National Weather Service United States Department of Commerce

Excessive Heat in the Interior West; Monsoon Conditions in the Southwest

Dangerous heat is expected to be in place across portions of California, especially the Central Valley, and across the Interior Northwest into Friday. Heat Advisories will also be in place across the southern Plains into the Lower Mississippi River Valley. Monsoonal showers and thunderstorms may result in flash flooding and debris flows from the Four Corners region and Southwest through Friday. Read More >

Bertram Thomas Combs was born August 13, 1911 in Manchester, Kentucky. One of seven kids, he was very intelligent and skipped grades to graduate from high school as valedictorian at the age of 15.

In the early 1930s he worked for the state highway department where he earned enough money to go to the University of Kentucky’s College of Law. He graduated 2nd in his class in 1937 and was admitted to the bar. He briefly returned to Clay County to practice law before moving to a law firm in Prestonburg in 1938. 

In World War II he was sent to the Philippines where, as a lieutenant, he was chief of the War Crimes Investigation Department. At the end of the conflict he was awarded a Bronze Star for apprehending and prosecuting Japanese war criminals. He then returned to practicing law in Prestonburg.

His first political position was as City Attorney for Prestonburg in 1950. The following year he won a spot on the Kentucky Court of Appeals.

In 1955 Combs was selected to run for governor against A.B. “Happy" Chandler. Combs’ inexperience, uninspiring oratory, and suggestion to raise taxes were significant factors in his defeat. He returned to practicing law in Prestonburg.

Four years later Combs ran again for governor, this time winning by a landslide.  He was Kentucky's 50th governor, the first governor from eastern Kentucky in over 30 years, and the Commonwealth’s first governor who was a World War II veteran.

While governor, he:
•    Increased public school funds by 50%
•    Established the state community college system
•    Significantly increased funding for highways
•    Enabled major renovations of the state parks
•    Formed Kentucky’s first Human Rights Commission and ordered the desegregation of all public accommodations

After leaving office Combs returned to practicing law in Prestonburg. He spent the next couple of decades involved in politics and law interests. He was instrumental in the creation of 1990’s  Kentucky Education Reform Act. The act was aimed at equalizing funding among school districts and implementing strict accountability standards.

On December 3, 1991, after calling his wife to let her know he would be late coming home, Combs left his Lexington law office about 5:30 pm. After several hours passed he was reported missing. Law enforcement and hundreds of local people searched for the former governor. The following day his partially submerged car was spotted in the swollen Red River near Rosslyn in Powell County just several hundred feet from the parkway that bore his name. Temperatures had been in the 30s when Combs drove into the floodwaters. The rain that had been falling changed to snow overnight as the mercury fell into the 20s. Combs' body was found the next day, about a quarter mile downstream of his car, still clinging to a tree root on the edge of the stream. He was not wearing his coat or shoes, possibly from trying to swim to safety. He was 80 years old, and is buried in Beech Creek Cemetery in Manchester.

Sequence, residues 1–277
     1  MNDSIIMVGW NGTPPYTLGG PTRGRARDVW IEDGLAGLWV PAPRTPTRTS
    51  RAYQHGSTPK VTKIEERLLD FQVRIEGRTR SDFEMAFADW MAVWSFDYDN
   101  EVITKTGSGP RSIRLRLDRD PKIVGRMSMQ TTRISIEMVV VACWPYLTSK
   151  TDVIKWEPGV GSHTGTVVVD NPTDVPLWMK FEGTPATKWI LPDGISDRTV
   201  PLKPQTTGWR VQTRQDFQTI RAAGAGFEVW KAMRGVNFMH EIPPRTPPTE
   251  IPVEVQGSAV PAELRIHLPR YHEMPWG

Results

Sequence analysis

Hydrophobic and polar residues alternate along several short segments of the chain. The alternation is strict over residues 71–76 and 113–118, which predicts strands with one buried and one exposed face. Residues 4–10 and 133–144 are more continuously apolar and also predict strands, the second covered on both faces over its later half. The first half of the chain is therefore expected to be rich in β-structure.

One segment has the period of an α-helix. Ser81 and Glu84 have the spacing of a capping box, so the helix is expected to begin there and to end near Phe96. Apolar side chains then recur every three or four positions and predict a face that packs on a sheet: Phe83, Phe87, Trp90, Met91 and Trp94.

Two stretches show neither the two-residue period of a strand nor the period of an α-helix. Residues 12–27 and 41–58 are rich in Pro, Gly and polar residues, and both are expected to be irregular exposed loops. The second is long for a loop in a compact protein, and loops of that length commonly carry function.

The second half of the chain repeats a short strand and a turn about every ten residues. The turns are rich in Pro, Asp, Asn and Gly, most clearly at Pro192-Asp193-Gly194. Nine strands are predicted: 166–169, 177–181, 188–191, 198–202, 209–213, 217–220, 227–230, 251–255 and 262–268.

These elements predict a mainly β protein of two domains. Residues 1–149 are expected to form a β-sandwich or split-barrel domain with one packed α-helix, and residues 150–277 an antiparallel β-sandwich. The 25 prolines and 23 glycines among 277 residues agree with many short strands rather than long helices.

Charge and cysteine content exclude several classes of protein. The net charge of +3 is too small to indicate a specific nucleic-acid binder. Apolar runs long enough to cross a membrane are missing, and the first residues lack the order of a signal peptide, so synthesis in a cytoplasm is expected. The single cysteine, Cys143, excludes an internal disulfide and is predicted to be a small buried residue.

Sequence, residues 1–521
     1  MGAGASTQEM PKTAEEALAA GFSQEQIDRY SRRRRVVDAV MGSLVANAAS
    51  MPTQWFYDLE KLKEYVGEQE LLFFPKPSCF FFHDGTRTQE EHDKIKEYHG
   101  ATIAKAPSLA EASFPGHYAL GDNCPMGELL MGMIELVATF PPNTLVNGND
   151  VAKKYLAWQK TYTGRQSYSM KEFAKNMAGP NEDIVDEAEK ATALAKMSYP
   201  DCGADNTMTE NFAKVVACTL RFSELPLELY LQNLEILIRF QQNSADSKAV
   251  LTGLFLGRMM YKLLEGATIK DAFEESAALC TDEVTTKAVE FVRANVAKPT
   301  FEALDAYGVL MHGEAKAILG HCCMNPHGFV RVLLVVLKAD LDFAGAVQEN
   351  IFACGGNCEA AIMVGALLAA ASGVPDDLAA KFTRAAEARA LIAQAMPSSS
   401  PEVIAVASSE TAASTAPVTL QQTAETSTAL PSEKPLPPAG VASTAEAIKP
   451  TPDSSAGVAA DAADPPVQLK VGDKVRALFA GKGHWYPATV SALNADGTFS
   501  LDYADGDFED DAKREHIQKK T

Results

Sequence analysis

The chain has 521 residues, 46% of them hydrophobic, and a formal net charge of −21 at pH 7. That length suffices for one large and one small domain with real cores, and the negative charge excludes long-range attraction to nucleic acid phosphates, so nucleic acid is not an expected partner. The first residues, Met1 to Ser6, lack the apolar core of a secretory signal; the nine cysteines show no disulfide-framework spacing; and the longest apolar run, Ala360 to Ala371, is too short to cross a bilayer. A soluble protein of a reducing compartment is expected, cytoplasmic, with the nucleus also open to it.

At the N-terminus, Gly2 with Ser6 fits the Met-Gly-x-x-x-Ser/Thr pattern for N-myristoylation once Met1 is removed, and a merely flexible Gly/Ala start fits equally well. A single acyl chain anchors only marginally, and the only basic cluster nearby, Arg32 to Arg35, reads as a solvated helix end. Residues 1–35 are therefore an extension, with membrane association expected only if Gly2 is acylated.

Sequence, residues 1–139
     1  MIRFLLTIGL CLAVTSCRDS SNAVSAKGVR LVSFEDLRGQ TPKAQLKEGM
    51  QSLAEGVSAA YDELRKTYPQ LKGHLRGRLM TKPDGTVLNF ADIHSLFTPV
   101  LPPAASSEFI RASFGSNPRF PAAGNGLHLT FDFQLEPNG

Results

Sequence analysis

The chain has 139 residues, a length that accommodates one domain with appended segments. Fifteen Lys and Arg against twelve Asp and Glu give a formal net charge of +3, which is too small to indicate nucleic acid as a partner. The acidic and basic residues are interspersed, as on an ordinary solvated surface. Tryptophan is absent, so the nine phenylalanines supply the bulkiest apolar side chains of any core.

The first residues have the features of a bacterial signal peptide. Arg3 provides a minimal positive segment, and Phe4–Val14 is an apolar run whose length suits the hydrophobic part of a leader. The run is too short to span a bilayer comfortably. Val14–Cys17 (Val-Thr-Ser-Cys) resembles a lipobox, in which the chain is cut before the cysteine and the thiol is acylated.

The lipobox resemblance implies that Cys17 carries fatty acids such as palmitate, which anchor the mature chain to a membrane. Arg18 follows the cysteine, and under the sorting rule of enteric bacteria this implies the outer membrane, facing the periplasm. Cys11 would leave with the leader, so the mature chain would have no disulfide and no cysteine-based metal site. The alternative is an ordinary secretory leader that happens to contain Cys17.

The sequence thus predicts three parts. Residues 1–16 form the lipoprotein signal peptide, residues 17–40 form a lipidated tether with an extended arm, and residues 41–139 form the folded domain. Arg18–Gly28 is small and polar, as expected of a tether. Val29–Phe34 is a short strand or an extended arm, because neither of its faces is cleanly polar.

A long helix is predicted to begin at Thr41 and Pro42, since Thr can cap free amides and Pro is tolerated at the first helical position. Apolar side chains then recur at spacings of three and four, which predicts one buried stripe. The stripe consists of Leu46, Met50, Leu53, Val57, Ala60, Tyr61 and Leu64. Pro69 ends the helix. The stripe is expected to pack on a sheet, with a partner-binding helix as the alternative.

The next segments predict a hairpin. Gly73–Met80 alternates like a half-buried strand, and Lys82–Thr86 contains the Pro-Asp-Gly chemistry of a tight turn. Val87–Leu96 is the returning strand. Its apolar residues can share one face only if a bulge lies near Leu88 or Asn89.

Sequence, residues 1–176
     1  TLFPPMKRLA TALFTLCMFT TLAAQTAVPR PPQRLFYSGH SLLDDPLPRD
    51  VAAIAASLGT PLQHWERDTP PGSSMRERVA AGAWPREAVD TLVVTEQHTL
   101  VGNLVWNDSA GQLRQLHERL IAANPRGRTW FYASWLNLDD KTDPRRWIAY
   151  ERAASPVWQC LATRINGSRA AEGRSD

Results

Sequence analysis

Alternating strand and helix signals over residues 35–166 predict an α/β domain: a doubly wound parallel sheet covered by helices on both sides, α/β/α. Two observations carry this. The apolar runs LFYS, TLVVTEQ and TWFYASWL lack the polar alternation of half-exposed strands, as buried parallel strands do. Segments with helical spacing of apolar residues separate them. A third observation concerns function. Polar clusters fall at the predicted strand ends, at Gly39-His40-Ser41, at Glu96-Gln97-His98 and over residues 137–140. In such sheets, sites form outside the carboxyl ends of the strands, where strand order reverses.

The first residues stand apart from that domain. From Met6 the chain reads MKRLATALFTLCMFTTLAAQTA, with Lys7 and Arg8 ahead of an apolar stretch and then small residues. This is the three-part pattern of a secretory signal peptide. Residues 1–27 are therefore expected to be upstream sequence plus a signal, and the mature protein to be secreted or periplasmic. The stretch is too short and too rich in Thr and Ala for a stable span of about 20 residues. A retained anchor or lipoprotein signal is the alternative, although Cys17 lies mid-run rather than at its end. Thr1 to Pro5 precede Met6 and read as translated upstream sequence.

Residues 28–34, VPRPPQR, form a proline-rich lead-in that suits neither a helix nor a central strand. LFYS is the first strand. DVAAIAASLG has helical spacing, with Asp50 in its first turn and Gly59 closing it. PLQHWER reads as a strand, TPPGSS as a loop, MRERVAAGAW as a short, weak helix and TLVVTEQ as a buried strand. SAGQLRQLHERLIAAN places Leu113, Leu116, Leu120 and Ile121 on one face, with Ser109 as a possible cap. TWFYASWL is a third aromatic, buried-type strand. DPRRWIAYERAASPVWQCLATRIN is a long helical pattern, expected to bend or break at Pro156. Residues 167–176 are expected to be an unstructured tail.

On December 1, 1991 a stationary front stretched from Texas, through the Tennessee Valley, to Massachusetts. Clouds and rain were widespread along and north of the front. On the 2nd, low pressure developed and rode up the front from the Gulf of Mexico, reaching the eastern Great Lakes on the 3rd. The combination of this low, the front it was on, and a trough of low pressure reaching from the low back to the Louisiana coast, caused heavy rain throughout the region. 

From the 1st to the 4th three to six inches of drenching rains fell on central and eastern Kentucky, including Powell County. Flooding was rampant as low spots filled with water and streams overflowed. One person drowned in floodwaters in Harlan County on the 1st, and there was another fatality in Rockcastle County on the 2nd. The Red River at Clay City rose above flood stage early on the morning of the 3rd.

Slade received 5.26" of rain during the first four days of December 1991, which to this day remains the record rainfall amount for December 1-4 by more than three and a half inches. On the 3rd-4th alone Natural Bridge State Park received 2.75" and Slade 2.96" of pouring rain. The rain changed to light snow on the 4th as cold air swept in behind the system and temperatures fell into the teens and 20s.


Surface weather map on the morning of the 3rd, showing low pressure over the eastern Great Lakes with a cold front dropping to the south and trough trailing to the southwest. Purple colors on this map show well above normal rainfall across much of the eastern third of the United States in conjunction with the slow-moving front. A close-up of Kentucky's percent of normal rainfall for December 1-4, 1991.
Actual rainfall amounts across Kentucky. Some locations in central and eastern parts of the state received record rainfall for the four day period. The Red River downstream at Clay City rose rapidly as the heavy rains began on December 1. The NWS weather observer stationed five miles northeast of Slade recorded 2.96" of rain on the 3rd-4th after 2.30" of rain having already fallen on the 1st-2nd.